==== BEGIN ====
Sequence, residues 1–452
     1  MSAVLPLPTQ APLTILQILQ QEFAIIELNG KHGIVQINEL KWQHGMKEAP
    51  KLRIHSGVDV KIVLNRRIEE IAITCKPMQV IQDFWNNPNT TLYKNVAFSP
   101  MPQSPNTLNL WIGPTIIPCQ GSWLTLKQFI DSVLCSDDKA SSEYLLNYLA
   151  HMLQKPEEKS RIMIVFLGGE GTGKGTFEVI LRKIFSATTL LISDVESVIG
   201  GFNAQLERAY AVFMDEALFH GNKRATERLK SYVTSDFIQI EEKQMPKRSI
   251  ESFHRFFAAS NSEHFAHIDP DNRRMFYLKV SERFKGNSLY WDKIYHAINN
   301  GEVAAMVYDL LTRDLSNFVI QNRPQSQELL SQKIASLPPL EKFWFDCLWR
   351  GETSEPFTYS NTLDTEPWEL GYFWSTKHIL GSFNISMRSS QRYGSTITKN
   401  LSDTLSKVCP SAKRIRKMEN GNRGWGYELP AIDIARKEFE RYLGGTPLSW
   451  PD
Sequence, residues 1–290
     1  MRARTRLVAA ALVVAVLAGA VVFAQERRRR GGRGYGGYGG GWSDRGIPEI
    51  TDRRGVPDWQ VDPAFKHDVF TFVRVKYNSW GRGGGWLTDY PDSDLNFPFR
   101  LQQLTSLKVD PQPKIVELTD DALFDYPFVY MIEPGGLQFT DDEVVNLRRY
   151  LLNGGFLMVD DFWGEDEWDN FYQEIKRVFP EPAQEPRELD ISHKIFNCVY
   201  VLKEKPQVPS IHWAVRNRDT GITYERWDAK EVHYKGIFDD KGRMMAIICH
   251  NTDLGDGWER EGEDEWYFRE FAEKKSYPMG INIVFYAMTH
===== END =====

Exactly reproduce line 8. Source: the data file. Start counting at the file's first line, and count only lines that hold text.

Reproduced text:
   301  GEVAAMVYDL LTRDLSNFVI QNRPQSQELL SQKIASLPPL EKFWFDCLWR